asher63 (asher63) wrote,

Random notes.

We've all known the bright kid who came home from the library with a big stack of books and sat in his room reading all day and thought he knew everything about everything. I used to be that kid, but I grew out of it. Some people never do.
Almost everything we know about the world, we learn from other people. It follows that our ability to understand the world depends on our ability to understand people.
Meaningful giving requires knowledge.
Performative virtue: disconnection of perceived "virtue" from any tangible results in the real world.
The ability to benefit another party depends on a clear and accurate knowledge of what their needs are, and of what kind of help is wanted, or even if it is wanted at all. Acquiring this knowledge depends on your closeness to the other party. This applies both in market economics and in the practice of compassion.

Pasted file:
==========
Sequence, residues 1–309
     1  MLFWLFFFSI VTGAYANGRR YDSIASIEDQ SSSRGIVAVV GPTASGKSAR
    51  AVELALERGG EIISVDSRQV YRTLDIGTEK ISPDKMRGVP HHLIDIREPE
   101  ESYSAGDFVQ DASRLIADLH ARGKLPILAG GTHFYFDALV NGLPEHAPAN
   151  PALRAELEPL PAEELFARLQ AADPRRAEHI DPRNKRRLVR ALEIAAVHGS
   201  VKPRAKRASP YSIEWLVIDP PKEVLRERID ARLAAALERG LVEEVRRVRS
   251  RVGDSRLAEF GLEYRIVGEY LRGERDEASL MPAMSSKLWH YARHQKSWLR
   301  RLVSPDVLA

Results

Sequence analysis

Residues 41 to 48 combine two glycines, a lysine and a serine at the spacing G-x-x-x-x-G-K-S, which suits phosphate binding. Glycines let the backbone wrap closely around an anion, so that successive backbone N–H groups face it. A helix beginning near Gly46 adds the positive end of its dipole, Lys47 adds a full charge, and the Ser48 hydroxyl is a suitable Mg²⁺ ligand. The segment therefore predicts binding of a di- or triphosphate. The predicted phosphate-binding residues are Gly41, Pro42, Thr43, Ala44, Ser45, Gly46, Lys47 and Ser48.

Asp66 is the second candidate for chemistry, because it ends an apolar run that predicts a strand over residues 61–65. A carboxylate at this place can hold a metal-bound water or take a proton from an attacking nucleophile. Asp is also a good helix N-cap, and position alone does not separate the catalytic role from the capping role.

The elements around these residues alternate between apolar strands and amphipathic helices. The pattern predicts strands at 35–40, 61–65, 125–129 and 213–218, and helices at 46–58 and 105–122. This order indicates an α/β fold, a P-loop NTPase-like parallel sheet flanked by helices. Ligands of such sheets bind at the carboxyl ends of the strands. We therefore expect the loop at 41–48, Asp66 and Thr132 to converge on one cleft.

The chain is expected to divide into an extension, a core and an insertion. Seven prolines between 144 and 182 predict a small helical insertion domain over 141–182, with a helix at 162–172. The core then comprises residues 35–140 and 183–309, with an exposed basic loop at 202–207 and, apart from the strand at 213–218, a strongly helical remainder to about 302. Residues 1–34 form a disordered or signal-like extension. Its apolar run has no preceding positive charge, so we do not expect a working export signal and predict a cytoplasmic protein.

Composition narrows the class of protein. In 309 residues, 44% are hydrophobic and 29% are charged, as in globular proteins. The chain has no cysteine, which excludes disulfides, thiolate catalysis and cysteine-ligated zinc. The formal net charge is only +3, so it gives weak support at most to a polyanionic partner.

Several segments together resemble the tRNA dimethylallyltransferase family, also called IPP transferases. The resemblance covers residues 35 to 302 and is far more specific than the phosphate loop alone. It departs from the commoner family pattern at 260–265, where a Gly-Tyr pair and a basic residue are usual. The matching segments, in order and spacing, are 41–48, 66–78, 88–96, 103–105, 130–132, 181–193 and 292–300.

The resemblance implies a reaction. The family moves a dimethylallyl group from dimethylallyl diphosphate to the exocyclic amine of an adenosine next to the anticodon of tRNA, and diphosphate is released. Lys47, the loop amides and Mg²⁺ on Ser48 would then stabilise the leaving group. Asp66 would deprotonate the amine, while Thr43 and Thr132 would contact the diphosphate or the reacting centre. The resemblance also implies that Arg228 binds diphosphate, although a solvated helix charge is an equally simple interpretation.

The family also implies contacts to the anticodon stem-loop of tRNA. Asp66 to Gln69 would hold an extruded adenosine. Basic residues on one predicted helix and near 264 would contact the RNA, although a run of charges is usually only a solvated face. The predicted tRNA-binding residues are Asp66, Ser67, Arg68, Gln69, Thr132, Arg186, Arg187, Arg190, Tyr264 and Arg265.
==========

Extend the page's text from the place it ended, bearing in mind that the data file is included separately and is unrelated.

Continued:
Truly giving to another person means there's a relationship. There is a feedback loop that tells you when your care has been beneficial, or misguided, or unwanted, or harmful. This relationship, this intimate knowledge, only arises out of person-to-person interactions. It cannot be replaced by any institution.

Physical needs: food, shelter, clothing.

Spiritual needs: dignity, identity, meaning.
Tags: life

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